‘Bulletins from the Edge’ explored the value of community approaches to writing for people who are isolated and/or living on the fringes of society. It addressed gaps in knowledge about inclusive methodologies for writer development, in particular with respect to calls for a more diverse writing ecology. Delivered throughout 2020, the project also fulfilled a growing public need for opportunities to engage in creativity as a way of ‘making sense’ of the world during a period of global crisis.
Introducing the project, the process and the participants
Although The Great Margin eventually became a project about pandemic writing, I developed the concept of a forum for writing from the margins prior to 2020. In early 2020, due to the Covid-19 pandemic lockdown, the need for research into the role of creativity in civic culture, especially for marginalised groups, was further heightened by enforced social distancing. The project was due to launch in March 2020 via a series of in-person events and writing groups. Due to the unforeseen circumstances, I rapidly rethought and reworked my approach, adapting the project to an online setting, and focusing on the emergent theme of isolation.
Another arising issue that the project adapted to was the murder of George Floyd during lockdown, which further magnified experiences of isolation for some participants. Other participants faced personal loss, illness and loneliness. Reflecting on my own experiences before and during the project, I noted that lockdown created an acute sudden loss of connection, and intensified historical memories of exclusion.
Throughout 2020, The Great Margin was facilitated through a series of flash initiatives and partnerships, supporting isolated and marginalised writers. Each sub-project was co-constructed with the intention of emphasising creative interpretation and connection. This offered an opportunity to engage with and explore the possibilities of creative practice as an act of interpretative sense-making. Participants were also invited to take part in a series of online writing groups that I set up in collaboration with other writer facilitators to support the project. However, participation in these groups was not a prerequisite for being included in the final collection.
The project aimed to connect writers from across the United Kingdom by providing them with a platform to express their thoughts and emotions about life in isolation during the pandemic through poetry, prose, spoken word and film. A diverse array of writers participated in the project, who despite ethnic, age, gender and lifestyle differences, were familiar with the experience of writing from the margins, whether that be the result of longstanding circumstances in their lives, or as a consequence of changes brought about by the pandemic.
Throughout the project participants used various forms of literary expression in order to capture their mood. As well as the creation of individual literary pieces of work, contributors were invited to share their writing in a collaborative online event comprising live readings and discussions, followed by the development of a series of accompanying short films.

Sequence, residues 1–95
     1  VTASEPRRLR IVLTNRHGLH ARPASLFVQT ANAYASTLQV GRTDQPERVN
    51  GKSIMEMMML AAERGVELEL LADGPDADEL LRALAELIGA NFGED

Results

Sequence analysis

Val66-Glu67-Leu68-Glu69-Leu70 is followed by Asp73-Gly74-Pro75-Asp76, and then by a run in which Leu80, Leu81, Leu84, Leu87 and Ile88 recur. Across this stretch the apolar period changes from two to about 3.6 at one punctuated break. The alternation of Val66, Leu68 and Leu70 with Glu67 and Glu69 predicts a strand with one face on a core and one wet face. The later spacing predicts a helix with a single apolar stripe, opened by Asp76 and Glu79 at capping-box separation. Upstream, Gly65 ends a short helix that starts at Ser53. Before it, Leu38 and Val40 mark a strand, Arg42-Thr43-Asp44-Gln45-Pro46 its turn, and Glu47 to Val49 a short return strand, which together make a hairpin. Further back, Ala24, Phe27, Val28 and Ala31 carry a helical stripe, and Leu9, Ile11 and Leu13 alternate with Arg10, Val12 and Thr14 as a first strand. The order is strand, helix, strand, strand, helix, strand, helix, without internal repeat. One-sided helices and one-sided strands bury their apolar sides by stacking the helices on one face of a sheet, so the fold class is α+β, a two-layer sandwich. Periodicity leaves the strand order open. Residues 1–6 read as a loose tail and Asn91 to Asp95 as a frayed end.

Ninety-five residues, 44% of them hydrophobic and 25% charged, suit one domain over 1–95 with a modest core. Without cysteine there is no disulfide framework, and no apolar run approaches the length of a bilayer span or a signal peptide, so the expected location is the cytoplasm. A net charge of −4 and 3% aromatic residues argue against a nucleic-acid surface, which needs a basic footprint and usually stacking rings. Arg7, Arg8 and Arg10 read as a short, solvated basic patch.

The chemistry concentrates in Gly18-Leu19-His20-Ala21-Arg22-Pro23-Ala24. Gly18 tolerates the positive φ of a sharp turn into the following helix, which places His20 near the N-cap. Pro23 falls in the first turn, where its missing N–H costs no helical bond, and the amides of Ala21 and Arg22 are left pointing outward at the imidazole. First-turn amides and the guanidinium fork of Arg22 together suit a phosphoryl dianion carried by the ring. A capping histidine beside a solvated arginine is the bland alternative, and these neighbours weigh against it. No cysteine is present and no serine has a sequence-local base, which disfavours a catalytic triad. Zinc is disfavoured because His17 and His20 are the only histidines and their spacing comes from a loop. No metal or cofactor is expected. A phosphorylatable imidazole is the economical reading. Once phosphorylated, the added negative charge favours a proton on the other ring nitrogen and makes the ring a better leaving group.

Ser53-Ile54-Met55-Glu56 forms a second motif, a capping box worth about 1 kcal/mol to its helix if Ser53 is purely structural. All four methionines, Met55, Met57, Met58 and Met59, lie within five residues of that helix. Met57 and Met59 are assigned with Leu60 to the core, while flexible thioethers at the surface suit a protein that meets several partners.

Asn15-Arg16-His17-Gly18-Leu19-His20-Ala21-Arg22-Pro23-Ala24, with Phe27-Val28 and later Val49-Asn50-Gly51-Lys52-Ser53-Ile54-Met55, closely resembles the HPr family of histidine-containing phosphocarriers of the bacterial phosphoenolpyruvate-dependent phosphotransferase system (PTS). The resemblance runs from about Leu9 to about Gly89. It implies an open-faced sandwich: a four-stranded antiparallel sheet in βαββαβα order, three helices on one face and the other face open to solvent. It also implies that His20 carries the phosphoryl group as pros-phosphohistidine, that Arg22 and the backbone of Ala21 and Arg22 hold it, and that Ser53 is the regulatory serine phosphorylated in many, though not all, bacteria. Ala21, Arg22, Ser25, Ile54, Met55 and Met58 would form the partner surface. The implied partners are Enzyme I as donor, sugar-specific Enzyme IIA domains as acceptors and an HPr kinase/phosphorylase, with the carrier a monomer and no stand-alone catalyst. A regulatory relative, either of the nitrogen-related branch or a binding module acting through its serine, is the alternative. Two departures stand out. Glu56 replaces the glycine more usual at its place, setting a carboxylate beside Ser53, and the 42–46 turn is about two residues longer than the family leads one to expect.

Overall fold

In the initial phases of the project, writers from across the UK were invited to submit and share creative works in poetry or prose that captured their understanding and feelings about their current situation. With over 500 submissions, and 54 pieces published in written form, we brought together writers from all walks of life.
Toward the end of the project, we ran a virtual showcase, a reading event and a preview of the first film to emerge from the project (showcased at the StoryTown festival 2020). I then worked alongside writers and film editors over a 3-month period to carefully craft a series of 15 poetry films, adapting poetry and prose submitted to The Great Margin. With empathy at its heart, the project was an exploration of community writing and sense-making through the pandemic.
What’s in a word? - Some definitions and key terms
Within creative research, we sometimes use words performatively, to help us to illuminate a way of approaching a subject. Below, I introduce some of the key concepts that have informed my approach and I discuss how I apply them within this project. If you are primarily interested in the participant experiences of the project, then scroll down to the next section.
Throughout these field notes, I use the term expressive language to describe strategies for narrative communication that invoke moods, feelings and ideas about reality. When I talk about ‘writing’ I am referring both to traditional ways of producing narrative texts (i.e. the classical use of pen and paper) and to newer digital forms of writing such as audio-recording and use of the digital ‘camera stylo’ (i.e. the camera-as-pen). (C,D)